Although many of our Conway commentators held strong views, none saw themselves as experts. Who but a policy wonk has even five minutes’ worth of thought-through ideas about how NATO should be restructured or trade deals with China rewritten or regulations trimmed wisely? Instead Conway’s commentators offered the sounds of common sense in brief, simple generalities. “If you don’t have strong borders, you don’t have a country,” said a laundromat visitor. “Everyone feels much better since the election. I mean, look at the stock market,” said a former military facilities contractor. Regulations shouldn’t have the force of law “because they’re issued by people who aren’t elected,” said a retired utility plant operations supervisor. “We should make Congress approve regulations.” Climate change must be a myth, one skeptic said to general agreement, because his grandfather had, during an unseasonably warm February in the last century, swum in the ocean at Myrtle Beach.
Many in Conway said they were vexed about news coverage. They said US media are split now along liberal/conservative lines and that they listen mainly to the conservative Fox line. Several said they considered liberal and conservative media equally biased although we didn’t ask how often they actually sought news from the New York Times, Washington Post or CNN. To avoid such liberal sources, the minister said, he’d stopped using Google News. For our part, Jane and I found it difficult to keep a pledge to rely strictly on conservative news while in Conway. We found it too clamorous, and some residents did, too.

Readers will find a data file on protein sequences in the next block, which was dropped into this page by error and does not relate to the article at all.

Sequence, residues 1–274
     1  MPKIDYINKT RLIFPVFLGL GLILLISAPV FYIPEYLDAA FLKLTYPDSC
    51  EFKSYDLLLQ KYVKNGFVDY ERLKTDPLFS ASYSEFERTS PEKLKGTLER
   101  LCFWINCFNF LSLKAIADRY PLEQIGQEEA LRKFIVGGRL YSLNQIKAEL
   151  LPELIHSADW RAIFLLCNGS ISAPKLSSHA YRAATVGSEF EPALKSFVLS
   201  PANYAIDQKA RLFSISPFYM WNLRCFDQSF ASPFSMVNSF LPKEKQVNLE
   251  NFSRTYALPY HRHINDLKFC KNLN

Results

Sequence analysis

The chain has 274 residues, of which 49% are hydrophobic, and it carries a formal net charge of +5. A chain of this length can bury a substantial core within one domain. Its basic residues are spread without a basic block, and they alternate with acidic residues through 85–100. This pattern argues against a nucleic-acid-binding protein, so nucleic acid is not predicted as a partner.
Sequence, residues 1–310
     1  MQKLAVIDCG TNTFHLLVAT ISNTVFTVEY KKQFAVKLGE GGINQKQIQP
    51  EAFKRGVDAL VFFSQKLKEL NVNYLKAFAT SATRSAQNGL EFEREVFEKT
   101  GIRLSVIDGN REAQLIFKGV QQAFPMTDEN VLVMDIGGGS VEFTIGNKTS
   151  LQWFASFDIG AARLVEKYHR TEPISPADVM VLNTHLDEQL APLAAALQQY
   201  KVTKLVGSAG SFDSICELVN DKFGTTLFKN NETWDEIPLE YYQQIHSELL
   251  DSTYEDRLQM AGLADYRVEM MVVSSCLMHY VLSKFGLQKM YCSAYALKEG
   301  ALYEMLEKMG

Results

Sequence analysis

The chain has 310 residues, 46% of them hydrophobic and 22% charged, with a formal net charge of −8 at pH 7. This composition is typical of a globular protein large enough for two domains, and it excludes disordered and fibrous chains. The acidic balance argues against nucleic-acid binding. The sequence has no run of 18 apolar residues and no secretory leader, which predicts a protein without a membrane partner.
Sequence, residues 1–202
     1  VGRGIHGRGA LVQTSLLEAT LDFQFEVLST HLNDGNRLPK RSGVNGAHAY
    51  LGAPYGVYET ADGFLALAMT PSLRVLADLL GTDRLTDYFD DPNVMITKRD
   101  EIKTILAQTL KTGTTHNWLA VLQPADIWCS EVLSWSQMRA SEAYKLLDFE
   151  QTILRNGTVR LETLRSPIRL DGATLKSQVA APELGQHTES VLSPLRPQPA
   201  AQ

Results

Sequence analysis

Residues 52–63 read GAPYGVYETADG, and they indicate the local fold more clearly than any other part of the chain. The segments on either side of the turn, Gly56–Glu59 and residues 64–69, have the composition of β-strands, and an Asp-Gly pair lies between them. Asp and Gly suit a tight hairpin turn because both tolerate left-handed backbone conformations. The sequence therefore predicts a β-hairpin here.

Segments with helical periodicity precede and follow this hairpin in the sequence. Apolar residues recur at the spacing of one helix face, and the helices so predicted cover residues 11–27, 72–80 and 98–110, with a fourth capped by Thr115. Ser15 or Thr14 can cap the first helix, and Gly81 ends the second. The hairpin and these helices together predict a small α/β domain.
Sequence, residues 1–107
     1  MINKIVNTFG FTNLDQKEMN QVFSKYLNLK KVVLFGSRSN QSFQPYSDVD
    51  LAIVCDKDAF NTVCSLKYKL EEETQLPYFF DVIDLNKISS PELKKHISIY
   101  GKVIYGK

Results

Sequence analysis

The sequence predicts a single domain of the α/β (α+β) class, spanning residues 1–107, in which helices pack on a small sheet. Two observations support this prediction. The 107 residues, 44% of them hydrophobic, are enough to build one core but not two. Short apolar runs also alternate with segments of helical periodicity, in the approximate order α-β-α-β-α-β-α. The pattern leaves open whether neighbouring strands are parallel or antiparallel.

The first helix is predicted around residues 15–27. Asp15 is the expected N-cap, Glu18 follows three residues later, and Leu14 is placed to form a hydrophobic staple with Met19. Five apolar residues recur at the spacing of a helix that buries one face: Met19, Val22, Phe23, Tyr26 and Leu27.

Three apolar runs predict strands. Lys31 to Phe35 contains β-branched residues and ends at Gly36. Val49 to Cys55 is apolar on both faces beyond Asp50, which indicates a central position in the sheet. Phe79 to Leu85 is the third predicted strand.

“With 24/7 cable news and Fox and Hannity, you keep hearing the same thing again and again and again and it gets into your brain,” said the retired utility plant supervisor, jabbing his fingers into his temples. “I’d like to go back to the CBS Evening News with Walter Cronkite, where you’d get what facts were known and then go on to watch Andy Griffith with your family.” Said a hair salon operator: “No one knows what facts are any more. It’s all one side’s news vs. the other side’s news, and it’s making us kind of tribal. I don’t believe they really know much of anything. I mean ‘alternative facts.” Does that make sense to you? It doesn’t to me.” Added the auto broker: “I hate the media, both sides. It’s all opinions now. It’s not fake news; it’s NO news.”
At the same time, we were impressed and daunted by how well-read some of President Trump’s supporters were. One woman was reading a biography of President Andrew Jackson to see how the nation’s first bomb-throwing populist dealt with Washington’s earliest elites. She’d also been reading the Federalist Papers, Number 9 especially, and wanted our opinions on it, of which we had none.
Someone else asked if we’d read Rush Limbaugh’s “See, I Told You So,” which he considered an essential primer on the errors of liberal ways. Another person asked if we’d read Senate Majority Leader Mitch McConnell’s memoir, “The Long Game.” Another Conway conservative, a lawyer, asked what we thought of the writings of Mark Levin, whom he considered worthy of nomination to the Supreme Court. We weren’t even conversationally smart about any of these writers or books. We concluded—duh--that it would take as much effort to be an informed conservative—or someone capable of engaging deeply with one—as it would take to be an informed liberal or liberal foe.